Women have always been in the first line of movements for making changes in Iran.
What can you tell us about your relationship with prisoner of conscience Narges Mohammadi?
I’ve known Narges since I was a university student. She is a popular and well-known feminist and human rights activist. When I was a student, she helped us to find a lawyer so that if we were arrested and called to court, we would be able to defend ourselves. At the end of my imprisonment period, she was arrested and we were in the same place. Being together in one prison was a source of encouragement for me but at the same time made me sad. She was sick and had two small children, and before being jailed, she single parented her children because her husband lived far away.
In Iran, we have a lot of discriminatory laws against women, and everything gets worse if you are a prisoner of conscience and a mother at the same time. The government uses your children to torture you. When Narges and I were in the same prison, prisoner mothers could visit their children and hug them every two weeks for 20 minutes. There was no access to phone calls. As a prisoner of conscience, if you continue to insist on your beliefs, your first punishment is being banned from visiting your children.
In other prisons where women with other charges are kept, the children live with their mothers inside prison, even with people who are criminals. Their nutrition, access to education, and physical health are a catastrophe.
The idea of the prison mothers campaign first came to Narges’ mind in prison. We talked about it and expanded the idea. As soon as I was released from prison, I called Shirin Ebadi (the Nobel peace prize winner) and took preliminary steps to launch the campaign. The campaign started its activities in a gathering in front of the International Court of Justice in The Hague in support of prisoner mothers.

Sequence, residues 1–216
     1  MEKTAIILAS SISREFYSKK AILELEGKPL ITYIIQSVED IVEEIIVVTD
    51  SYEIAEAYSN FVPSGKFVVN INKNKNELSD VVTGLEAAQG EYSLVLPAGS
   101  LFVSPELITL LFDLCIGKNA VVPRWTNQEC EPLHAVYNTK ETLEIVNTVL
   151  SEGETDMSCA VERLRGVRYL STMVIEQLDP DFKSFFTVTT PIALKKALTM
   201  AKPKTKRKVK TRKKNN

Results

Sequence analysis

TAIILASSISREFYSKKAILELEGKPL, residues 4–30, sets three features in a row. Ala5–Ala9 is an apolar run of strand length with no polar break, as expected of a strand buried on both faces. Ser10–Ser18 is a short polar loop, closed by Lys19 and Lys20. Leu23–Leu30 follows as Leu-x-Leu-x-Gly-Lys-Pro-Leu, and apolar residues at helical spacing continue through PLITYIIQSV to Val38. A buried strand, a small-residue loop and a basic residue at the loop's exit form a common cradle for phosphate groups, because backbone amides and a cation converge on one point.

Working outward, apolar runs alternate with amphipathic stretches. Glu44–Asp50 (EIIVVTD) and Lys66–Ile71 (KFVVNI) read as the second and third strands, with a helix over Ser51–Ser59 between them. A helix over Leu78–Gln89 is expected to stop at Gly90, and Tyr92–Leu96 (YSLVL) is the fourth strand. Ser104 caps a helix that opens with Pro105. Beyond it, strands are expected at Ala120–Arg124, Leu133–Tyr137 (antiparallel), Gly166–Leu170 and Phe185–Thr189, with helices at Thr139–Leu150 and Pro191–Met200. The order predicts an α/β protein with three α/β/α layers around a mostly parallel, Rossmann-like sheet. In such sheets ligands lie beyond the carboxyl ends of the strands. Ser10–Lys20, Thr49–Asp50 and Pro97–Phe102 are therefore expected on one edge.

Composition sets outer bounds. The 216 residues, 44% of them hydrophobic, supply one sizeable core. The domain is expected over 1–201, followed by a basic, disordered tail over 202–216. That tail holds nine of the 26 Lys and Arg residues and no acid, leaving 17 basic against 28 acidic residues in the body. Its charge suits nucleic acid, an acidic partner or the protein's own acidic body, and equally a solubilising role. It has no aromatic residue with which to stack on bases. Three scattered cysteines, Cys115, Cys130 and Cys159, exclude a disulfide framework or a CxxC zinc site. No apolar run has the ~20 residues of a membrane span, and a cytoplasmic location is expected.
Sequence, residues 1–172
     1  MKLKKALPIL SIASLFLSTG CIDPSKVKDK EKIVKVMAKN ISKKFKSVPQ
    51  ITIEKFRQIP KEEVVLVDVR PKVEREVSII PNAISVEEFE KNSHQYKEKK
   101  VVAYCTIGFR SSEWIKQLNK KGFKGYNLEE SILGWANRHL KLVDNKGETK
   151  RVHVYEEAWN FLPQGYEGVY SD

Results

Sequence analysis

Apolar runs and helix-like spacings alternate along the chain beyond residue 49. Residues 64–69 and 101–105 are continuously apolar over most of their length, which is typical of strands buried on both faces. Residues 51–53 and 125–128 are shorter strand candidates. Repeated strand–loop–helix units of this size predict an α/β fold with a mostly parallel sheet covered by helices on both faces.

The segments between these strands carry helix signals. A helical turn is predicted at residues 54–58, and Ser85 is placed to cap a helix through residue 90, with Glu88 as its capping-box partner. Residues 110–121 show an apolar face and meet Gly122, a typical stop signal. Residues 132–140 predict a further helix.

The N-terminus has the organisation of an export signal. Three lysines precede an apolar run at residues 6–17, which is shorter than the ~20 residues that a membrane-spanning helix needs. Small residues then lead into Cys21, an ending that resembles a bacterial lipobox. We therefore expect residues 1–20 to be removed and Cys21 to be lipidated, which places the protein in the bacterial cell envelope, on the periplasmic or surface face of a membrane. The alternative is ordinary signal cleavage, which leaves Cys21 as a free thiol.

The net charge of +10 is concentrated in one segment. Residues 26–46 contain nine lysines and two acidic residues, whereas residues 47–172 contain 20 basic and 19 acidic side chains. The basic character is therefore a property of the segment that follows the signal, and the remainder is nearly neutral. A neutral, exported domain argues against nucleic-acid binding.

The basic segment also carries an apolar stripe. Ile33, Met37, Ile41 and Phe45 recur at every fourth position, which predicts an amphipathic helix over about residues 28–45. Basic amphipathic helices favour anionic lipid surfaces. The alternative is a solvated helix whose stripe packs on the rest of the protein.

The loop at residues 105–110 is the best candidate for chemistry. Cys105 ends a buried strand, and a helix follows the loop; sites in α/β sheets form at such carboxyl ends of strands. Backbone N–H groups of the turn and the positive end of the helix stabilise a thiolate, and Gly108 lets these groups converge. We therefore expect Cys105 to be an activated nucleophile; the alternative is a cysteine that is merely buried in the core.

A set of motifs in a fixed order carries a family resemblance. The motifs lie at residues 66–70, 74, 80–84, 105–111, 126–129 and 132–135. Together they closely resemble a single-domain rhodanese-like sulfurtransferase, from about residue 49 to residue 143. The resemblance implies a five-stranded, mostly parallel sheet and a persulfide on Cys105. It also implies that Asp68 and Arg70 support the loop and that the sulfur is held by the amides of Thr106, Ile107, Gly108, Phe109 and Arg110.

Now, I’m advocating for Narges. In 2016, I launched the #FreeNarges social media campaign following the unfair verdict of the Iranian judiciary sentencing Narges Mohammadi to 16 years in prison. We, a number of independent civil rights and human rights activists, decided to launch this campaign as part of a concerted effort to support Narges and her goal of eliminating discrimination against Iranian women, and to draw attention to her plight.
Her long imprisonment is the Iranian government’s revenge for her constant and consistent advocacy. One of her charges is trying to create civil society. Let us, as civil society, stand beside Narges and work to #FreeNarges.
Why is it so important to use social media to show Iranian officials that the world is watching?
Social media networks in Iran and other countries have helped defend human rights and make violations visible. Iran’s government is afraid of publicizing its human rights violations.
Social media, especially Twitter, has become an efficient arena for people to demand their human rights be respected, and to protect prisoners of conscience. An Iranian prisoner of conscience went on a hunger strike and all the media kept quiet about his situation, but a Twitter storm was started. Once it became the hottest news in the world he was released. When Narges went on a hunger strike last year to protest being banned from contact with her children, her hunger strike’s publicity on social media led to her finally being granted permission to phone her children.
On March 8, International Women’s Day, what would you like Canadians to do to #FreeNarges?
Narges was sentenced to 22 years in prison. Despite two decades of advocacy, four arrests, and three prison sentences, still she insists on eliminating discrimination against women. She is the most honest and caring feminist and human rights activist I have had the honor to meet. Her long imprisonment is the Iranian government’s revenge for her constant and consistent advocacy. One of her charges is trying to create civil society. Let us, as civil society, stand beside Narges and work to #FreeNarges.